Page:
Bangalore, Sep 23 (IANS) A sedentary lifestyle, lack of exercise and poor eating habits are making millions of urban Indians face a high risk of heart disease, a study by a Mumbai-based consumer products major has revealed.
Urban India is moving to lifestyle diseases from infectious diseases due to a sedentary life, poor healthy food and lack of physical activity, Apollo Hospitals cardiologist Girish B. Navasundi told IANS, citing the Marico Ltd study conducted online in 12 cities across the country during the last two fiscal years (2010-12).
Noting that the hectic lifestyle in cities was making more young Indians prone to cardiovascular disease (CVD), diabetes, hypertension and cancer, Navasundi said lack of physical activity and reduced fibre intake through whole grains were the two main reasons for high risk of heart and life-threatening diseases.
Around 74 percent of urban Indians face the risk of heart attack, with their heart age greater than biological age. Similarly, 75 percent of males in the 30-34 age group have coronary symptoms compared to 57 percent females, showing how younger male work force is falling prey to such diseases, Navasundi pointed out.
As a result, productivity of urban India will decline with an adverse impact on the country's growth in the long-term.
The 'Saffola life study 2012' , carried out on the lines of the US-based Framingham heart study, covered over 112,000 people in the 30-80 age group across a dozen cities.
The Framingham heart study is a project of the National Heart, Lung and Blood Institute and Boston University in Massachusetts.
Among the metros, Bangalore ranked at the top for high cholesterol levels, Chennai for diabetes, Kolkata for cancer due to highest number of smokers, Ahmedabad for anemia due to poor intake of fruits and Delhi for obesity due to lack of exercise and high consumption of fatty foods.
Around 75 percent of Bangalore respondents facing CVD risk are overweight, with 78 percent of them having very high density lipoprotein (HDL) cholesterol, as 72 percent of them consume less than two servings of healthy whole grains, Navasundi said.
Terming the survey findings a wake-up call for all stakeholders, Nutritionists Republic consultant Manjari Chandra said CVD deaths were projected to touch a whopping 2.5 million by 2020 from 1.1 million in 1990, with a majority of them from the productive working age group (30-44).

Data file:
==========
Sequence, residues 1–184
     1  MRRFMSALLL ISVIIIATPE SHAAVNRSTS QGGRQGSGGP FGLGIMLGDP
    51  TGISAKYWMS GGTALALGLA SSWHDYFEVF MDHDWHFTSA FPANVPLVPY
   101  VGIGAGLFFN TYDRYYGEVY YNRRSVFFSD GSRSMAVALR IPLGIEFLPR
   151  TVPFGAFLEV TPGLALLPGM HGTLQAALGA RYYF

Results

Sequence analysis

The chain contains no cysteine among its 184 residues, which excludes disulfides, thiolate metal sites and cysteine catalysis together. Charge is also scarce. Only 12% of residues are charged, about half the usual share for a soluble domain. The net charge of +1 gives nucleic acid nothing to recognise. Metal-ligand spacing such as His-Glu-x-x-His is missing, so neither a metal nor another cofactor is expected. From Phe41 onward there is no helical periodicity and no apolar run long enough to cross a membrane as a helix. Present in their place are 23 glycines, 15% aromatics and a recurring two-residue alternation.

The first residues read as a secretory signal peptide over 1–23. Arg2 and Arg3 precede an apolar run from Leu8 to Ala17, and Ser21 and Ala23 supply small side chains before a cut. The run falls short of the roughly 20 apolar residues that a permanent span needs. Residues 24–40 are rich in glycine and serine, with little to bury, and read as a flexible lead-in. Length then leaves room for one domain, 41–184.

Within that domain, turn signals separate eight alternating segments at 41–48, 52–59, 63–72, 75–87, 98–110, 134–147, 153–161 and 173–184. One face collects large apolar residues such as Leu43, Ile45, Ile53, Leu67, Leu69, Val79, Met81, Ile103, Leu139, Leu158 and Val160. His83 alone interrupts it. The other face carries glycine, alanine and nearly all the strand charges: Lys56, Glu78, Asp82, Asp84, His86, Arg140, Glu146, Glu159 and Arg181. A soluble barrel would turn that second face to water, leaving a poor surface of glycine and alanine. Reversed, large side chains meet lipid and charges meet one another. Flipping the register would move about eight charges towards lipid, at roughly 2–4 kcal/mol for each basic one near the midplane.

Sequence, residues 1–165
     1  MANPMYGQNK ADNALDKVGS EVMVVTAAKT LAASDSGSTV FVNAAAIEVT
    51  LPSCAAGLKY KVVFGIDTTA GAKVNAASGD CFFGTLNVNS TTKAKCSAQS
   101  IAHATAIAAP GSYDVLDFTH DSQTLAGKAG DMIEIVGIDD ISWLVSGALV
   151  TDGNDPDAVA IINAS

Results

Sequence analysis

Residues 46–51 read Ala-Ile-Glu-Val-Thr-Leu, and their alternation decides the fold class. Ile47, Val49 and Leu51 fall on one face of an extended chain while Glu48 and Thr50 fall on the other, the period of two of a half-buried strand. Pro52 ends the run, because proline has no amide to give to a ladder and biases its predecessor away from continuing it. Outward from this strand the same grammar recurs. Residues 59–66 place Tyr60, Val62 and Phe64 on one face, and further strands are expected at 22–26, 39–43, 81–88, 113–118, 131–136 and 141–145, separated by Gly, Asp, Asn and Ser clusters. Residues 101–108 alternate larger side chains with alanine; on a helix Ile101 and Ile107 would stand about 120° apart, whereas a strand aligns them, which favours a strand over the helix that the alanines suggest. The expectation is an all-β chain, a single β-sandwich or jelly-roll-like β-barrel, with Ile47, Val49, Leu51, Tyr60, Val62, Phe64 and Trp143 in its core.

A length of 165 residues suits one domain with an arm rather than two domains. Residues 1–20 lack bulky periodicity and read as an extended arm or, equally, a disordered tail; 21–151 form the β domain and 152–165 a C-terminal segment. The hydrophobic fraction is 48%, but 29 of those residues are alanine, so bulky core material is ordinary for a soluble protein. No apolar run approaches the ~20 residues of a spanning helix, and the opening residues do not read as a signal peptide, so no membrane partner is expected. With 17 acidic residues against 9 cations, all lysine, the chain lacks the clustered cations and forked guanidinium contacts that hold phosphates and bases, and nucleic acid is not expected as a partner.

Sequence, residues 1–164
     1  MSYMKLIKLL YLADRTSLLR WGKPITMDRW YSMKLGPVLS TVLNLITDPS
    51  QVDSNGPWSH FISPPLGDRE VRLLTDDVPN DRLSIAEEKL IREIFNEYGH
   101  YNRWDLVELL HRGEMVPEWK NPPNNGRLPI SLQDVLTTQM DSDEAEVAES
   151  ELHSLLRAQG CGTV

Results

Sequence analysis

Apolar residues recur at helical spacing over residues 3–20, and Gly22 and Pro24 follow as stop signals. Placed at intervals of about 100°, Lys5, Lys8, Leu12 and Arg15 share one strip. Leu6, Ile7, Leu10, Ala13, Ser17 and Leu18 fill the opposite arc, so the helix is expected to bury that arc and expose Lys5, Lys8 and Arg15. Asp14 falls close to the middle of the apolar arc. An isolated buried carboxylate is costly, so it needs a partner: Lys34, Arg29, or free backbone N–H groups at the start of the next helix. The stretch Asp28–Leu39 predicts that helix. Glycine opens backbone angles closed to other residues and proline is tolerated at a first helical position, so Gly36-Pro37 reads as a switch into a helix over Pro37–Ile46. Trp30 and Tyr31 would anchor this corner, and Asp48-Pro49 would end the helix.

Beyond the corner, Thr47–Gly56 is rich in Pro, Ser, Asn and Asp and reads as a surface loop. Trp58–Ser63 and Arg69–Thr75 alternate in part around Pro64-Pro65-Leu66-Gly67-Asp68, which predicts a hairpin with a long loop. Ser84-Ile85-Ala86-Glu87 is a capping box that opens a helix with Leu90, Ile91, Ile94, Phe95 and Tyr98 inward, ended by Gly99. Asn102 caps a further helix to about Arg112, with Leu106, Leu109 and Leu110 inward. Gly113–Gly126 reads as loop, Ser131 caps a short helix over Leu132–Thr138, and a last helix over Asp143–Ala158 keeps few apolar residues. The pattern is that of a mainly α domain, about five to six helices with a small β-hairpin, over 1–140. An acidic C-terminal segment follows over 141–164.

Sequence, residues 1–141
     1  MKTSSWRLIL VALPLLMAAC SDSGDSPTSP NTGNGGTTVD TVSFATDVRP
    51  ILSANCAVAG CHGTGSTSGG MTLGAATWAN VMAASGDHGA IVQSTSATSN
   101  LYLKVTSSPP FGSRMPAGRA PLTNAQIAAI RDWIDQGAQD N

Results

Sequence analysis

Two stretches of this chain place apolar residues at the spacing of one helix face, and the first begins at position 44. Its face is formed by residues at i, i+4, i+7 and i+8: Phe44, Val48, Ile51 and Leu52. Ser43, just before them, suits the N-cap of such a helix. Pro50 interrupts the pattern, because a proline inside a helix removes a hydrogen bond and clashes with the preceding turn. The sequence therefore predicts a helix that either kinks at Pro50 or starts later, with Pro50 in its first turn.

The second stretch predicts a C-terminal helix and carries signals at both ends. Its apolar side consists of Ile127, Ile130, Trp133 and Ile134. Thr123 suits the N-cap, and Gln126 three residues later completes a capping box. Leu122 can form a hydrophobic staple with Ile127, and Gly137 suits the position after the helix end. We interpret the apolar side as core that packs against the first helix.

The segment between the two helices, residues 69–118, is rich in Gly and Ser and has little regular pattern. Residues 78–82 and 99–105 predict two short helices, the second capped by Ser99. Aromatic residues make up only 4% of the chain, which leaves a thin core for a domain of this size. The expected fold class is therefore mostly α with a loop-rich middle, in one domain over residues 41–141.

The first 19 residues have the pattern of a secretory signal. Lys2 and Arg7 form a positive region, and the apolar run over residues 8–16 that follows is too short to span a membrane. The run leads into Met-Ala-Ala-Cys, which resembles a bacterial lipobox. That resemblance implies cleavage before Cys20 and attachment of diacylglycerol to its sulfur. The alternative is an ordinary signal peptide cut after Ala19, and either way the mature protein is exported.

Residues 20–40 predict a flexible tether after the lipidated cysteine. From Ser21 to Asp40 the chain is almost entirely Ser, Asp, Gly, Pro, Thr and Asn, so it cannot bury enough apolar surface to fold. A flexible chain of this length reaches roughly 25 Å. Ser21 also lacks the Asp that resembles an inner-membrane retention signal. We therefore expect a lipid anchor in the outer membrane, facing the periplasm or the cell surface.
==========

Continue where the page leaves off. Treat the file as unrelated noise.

Nationally, 59 percent of those surveyed in the 30-49 age group has high risk levels of cholesterol and 61 percent in the 30-49 age group has dangerously low levels of 'good' HDL cholesterol, Chandra told IANS.
Among the respondents, one in six were smokers in the younger age group.
Smoking increases blood pressure and releases free radicals which are detrimental to heart health. In the 30-34 age group, 96 percent disclosed that they were taking medication for controlling blood pressure to minimise the risk of developing CVD, Navasundi noted.
Cautioning against high dependence on processed and fried foods, Chandra said a menu devoid of vegetables, fruits and whole grains make people vulnerable to heart disease.
Of the respondents in the 30-49 age group, 66 percent reported higher heart age than actual age due to obesity and rise in their body mass index, showing an increasing trend as the age increased.
At the national level, about 70 percent of respondents are obese and Delhi emerged as the overweight capital with highest rate of wider waists, followed by Kochi, Hyderabad and Chennai.
Delhi also emerged as the fried-food capital with 14 percent participants admitting to consuming this more than four times a week.
During the last three years, Marico carried out free cholesterol checks and conducted free diagnostic tests on those who were unaware of their blood pressure, blood sugar and cholesterol levels.
"The objective of the survey is to spread awareness of the heart ailments risk in the country and make a holistic attempt to reduce deaths caused by cardiovascular diseases," a Marico official told IANS.
The study also found that 64 percent of respondents in the 30-34 age group were at the risk of developing CVD, indicating that a significant proportion of youngsters face heart disease.
"In people between 40 and 44 years of age, the percentage of 'at risk' population goes up to about 80 percent," the study noted.
As far as dietary habits and lifestyles go, it is the 40-44 years age group which is highly negligent.
"Low consumption of fruits, vegetables/salads, whole grains together with low levels of physical activity will affect heart health," the survey warned.
The CVD risk is uniform across cities with Bangalore and Delhi struggling with bad cholesterol, whereas Mumbai and Ahmedabad are failing to maintain a good cholesterol level.
Physical activity is at an all-time low. Ahmedabad was found to be the worst mover in both physical activity and consumption of fruits.
(Fakir Balaji can be contacted at firstname.lastname@example.org)